The Authors Guild is asking an appeals court to revive its lawsuit against five universities that worked with Google to digitize books.
The authors' organization is asking the 2nd Circuit Court of Appeals to rule that the digitization initiative is not protected by fair use principles. "The Libraries’ actions subvert the fundamental premises of copyright law and, unless enjoined, threaten to decimate existing and developing markets for literary works," the Authors Guild argues in its legal papers.
Last year, U.S. District Court Harold Baer in New York rejected that argument, ruling that the project was "transformative," and therefore met the criteria for fair use. He characterized the project as an "invaluable contribution to the progress of science and cultivation of the arts," in a ruling granting summary judgment to the HathiTrust.
The case dates to September of 2011, when the Authors Guild brought a copyright infringement lawsuit against the HathiTrust -- a joint digital book-storage project of the University of Michigan, University of California, University of Wisconsin, Indiana University and Cornell University.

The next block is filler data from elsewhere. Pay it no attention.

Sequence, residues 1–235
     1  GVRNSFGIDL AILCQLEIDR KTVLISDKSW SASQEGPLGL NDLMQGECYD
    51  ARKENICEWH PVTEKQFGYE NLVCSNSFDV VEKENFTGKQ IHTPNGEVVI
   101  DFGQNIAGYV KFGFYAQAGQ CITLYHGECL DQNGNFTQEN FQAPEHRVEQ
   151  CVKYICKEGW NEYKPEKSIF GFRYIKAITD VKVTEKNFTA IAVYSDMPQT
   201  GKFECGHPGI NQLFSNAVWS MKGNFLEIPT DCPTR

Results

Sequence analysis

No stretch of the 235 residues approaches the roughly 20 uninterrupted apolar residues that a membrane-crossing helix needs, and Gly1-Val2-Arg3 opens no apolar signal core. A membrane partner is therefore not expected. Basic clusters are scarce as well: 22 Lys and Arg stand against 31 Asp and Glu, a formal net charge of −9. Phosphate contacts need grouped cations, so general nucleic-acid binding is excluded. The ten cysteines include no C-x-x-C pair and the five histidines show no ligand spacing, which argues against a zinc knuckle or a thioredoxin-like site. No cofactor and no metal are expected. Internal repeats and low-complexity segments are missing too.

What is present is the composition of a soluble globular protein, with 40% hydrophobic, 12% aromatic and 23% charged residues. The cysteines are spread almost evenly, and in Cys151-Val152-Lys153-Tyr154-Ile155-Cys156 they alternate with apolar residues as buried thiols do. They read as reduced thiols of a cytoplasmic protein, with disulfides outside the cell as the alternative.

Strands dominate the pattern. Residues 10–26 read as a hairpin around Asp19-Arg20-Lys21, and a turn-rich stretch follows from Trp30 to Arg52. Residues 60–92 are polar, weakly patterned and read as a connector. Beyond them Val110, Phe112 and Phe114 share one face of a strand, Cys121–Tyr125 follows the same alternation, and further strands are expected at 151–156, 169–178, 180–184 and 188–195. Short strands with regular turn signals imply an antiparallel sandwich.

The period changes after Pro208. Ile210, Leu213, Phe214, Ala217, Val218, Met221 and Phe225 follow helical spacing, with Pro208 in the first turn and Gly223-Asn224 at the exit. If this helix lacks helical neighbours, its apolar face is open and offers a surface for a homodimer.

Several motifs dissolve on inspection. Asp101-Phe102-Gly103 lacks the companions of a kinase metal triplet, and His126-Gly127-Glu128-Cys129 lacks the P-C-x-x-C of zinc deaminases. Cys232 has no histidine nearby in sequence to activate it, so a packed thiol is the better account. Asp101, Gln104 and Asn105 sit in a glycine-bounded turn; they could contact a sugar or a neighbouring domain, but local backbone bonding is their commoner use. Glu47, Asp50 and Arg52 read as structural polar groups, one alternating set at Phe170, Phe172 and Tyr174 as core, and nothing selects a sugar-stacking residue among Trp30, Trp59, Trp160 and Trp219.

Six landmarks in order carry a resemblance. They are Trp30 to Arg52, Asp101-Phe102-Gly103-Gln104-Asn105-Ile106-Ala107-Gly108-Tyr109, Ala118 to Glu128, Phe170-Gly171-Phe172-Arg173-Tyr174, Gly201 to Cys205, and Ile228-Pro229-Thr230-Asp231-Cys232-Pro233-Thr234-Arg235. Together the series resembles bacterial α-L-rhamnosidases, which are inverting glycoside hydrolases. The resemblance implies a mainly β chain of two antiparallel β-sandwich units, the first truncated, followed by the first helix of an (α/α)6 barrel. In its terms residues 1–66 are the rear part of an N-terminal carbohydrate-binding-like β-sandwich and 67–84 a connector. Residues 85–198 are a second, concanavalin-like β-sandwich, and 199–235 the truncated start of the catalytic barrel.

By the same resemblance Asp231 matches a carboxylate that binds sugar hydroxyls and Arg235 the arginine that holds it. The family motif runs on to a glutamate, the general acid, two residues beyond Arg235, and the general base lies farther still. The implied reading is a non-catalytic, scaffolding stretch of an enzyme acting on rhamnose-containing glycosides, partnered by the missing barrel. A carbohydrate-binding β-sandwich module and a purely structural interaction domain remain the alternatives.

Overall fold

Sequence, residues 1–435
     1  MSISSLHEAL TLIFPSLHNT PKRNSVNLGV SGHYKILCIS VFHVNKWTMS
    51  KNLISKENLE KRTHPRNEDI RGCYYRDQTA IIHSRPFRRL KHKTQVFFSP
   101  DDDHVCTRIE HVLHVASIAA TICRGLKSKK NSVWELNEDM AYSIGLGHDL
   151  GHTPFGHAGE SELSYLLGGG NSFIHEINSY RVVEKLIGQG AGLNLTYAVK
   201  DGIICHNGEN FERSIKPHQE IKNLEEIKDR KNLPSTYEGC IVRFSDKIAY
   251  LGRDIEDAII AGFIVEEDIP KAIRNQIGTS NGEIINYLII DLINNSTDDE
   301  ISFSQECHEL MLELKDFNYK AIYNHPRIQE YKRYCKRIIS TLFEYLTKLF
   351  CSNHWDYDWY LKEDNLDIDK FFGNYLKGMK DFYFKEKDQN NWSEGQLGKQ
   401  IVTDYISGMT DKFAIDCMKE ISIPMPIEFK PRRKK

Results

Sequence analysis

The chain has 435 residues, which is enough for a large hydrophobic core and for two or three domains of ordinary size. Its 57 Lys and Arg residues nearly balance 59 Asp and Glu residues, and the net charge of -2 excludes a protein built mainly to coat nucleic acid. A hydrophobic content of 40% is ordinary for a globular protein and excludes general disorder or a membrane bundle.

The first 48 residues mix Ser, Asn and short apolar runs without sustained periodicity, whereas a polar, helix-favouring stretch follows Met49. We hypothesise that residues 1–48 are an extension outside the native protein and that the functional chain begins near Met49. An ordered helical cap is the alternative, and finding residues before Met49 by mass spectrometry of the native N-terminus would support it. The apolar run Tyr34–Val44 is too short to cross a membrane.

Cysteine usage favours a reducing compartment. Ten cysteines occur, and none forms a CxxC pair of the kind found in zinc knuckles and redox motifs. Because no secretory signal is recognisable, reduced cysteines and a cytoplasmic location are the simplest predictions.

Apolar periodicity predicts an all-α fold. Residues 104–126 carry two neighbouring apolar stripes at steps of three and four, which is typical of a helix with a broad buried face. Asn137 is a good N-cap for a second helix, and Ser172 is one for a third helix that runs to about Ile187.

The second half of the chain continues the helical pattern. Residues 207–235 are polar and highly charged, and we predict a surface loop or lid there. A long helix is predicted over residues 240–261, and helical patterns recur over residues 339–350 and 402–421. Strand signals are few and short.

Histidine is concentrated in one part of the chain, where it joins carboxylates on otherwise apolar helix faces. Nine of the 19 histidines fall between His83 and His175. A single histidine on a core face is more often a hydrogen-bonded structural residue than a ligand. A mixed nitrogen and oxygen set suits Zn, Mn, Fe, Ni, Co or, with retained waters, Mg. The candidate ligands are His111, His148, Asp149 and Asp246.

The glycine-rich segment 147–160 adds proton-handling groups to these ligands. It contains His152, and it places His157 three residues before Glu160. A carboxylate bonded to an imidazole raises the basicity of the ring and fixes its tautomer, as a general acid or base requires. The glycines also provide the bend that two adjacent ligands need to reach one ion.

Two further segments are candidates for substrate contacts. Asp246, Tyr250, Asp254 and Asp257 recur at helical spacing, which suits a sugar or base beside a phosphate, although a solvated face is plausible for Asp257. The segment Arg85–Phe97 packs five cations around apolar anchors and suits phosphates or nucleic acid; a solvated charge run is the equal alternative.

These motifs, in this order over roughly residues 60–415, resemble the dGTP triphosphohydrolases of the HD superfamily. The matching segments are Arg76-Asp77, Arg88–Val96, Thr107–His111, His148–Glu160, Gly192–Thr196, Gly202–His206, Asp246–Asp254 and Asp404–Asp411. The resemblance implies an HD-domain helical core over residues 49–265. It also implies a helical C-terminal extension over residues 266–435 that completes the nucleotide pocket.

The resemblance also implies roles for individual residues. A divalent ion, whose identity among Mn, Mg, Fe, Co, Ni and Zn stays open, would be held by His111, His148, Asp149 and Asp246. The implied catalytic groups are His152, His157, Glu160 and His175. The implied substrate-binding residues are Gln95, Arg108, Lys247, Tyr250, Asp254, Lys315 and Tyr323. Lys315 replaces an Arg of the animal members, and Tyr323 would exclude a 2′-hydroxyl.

The Authors Guild sought an injunction barring the universities from continuing with the project. While the case is separate from the Authors Guild's long-running copyright litigation against Google, the two matters present questions about fair use.
The National Federation of the Blind intervened in favor of the universities, arguing that the HathiTrust was "revolutionary" for blind people who couldn't access print versions of books. Once books are digitized, blind people can access them via software that converts text to speech or conveys text tactilely. Baer agreed with that argument, ruling that digital copies facilitate access for people who can't read print because of vision impairments.
But the Authors Guild says in its appellate papers that the libraries are making more copies than necessary to make the works accessible to people with vision impairments. The group says that the digitization process results in at least five digital copies of each book -- including a copy kept by Google. "To the extent that any of the libraries’ goals fit within the rubric of fair use, the libraries should be permitted to do no more than is necessary to accomplish that particular purpose," the Authors Guild argues.